Winter – 4

December 18, 2006 at 5:02 pm (Winter)

Von Josti

“Phenomena, inexplicable by any known laws, are occurring all over the world and revealing, as their cause, the actions of a free and intelligent force.”

                                                                Kardec, The Spirits’ Book

Intelligence is the boundary of perception. We see only what we have the intelligence to see. Frightened by the indeterminate, we have channeled our curiosity to increasingly narrow strictures. Only when these burst, only when sudden grace unfreezes the kaleidoscope of appearances fixed by our predispositions, only then do new worlds appear. It is easy to exhaust oneself in the horizontal, but appearance added to appearance only produces appearance. It does not reach the inexhaustible splendor of the vertical. To accomplish that, one has to find a different body of sense altogether.

It is our beliefs and perceptions that have frozen appearance. The most interesting fields of inquiry only open up when one removes belief as a constraint. Dissolved into the completeness of the present, everything moves about freely, entirely of its own accord, and new configurations become possible, even as old ones return. Once you’ve put an end to belief, then the ancient body, the one buried at the crossroads comes alive.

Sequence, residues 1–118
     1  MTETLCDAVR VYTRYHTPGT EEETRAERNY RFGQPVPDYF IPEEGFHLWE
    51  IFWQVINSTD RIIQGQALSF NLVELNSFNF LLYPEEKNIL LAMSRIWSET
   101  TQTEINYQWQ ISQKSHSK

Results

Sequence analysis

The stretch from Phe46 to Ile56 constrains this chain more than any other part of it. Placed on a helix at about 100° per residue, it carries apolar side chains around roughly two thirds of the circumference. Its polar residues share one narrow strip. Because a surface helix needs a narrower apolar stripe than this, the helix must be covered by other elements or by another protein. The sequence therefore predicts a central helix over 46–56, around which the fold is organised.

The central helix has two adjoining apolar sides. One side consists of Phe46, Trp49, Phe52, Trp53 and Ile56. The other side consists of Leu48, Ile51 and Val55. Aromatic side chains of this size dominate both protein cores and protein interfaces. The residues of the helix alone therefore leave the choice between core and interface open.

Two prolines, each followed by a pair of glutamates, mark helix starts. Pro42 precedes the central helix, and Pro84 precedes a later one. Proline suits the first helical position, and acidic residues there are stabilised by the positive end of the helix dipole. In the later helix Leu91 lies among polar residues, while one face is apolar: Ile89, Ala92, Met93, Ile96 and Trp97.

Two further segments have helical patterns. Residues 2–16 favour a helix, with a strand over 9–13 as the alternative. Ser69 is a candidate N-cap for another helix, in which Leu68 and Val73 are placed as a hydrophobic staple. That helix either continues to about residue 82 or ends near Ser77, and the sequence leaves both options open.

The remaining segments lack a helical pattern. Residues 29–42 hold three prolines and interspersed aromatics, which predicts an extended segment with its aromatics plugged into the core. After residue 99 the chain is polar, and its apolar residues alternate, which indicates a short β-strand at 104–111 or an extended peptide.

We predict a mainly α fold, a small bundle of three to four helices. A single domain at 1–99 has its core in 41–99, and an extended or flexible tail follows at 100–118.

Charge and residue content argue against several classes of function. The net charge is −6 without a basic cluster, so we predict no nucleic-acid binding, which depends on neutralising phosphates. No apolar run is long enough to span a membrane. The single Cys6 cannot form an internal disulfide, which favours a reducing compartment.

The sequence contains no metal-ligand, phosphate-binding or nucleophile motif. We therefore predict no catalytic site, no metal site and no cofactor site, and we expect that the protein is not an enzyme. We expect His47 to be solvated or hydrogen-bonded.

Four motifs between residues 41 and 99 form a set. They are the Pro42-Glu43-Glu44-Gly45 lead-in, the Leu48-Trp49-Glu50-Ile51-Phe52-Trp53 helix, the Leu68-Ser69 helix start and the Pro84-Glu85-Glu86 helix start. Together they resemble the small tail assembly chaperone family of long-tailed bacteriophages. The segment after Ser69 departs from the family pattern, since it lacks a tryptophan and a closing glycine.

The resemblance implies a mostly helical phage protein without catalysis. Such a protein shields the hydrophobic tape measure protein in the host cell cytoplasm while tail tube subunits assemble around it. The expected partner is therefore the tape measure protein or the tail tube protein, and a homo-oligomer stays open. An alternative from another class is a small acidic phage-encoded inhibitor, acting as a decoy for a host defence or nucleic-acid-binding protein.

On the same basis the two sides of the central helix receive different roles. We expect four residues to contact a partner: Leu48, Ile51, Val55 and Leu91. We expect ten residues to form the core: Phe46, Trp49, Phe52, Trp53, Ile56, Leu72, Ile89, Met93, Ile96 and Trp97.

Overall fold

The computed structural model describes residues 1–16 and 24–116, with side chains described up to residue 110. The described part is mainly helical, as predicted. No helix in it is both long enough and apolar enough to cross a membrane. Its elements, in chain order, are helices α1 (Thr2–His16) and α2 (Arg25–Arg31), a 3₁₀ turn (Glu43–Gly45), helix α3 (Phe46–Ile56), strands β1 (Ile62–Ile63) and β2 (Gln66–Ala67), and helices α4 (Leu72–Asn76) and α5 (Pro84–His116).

We must look for the cause of things in that which is not the work of thought. In this way, absence reveals a deeper presence. The vastness is in the tiniest of particles. First, there is nothing, then everything, then nothing again. Yet nothing ever changes. We are stilled by benevolent mysteries. We begin to speak then find we can’t say anything at all. Everything stays to the left of the equation – the signs are all there, but nothing can be added or subtracted. Plus infinity, minus infinity – it’s all the same.

Of course it takes a long time, a lifetime, to cease believing in things, maybe more than a lifetime. But even now, in our world of dark glass and faint light, we can make a small start, maybe, by each day believing one less thing than we believed the day before.

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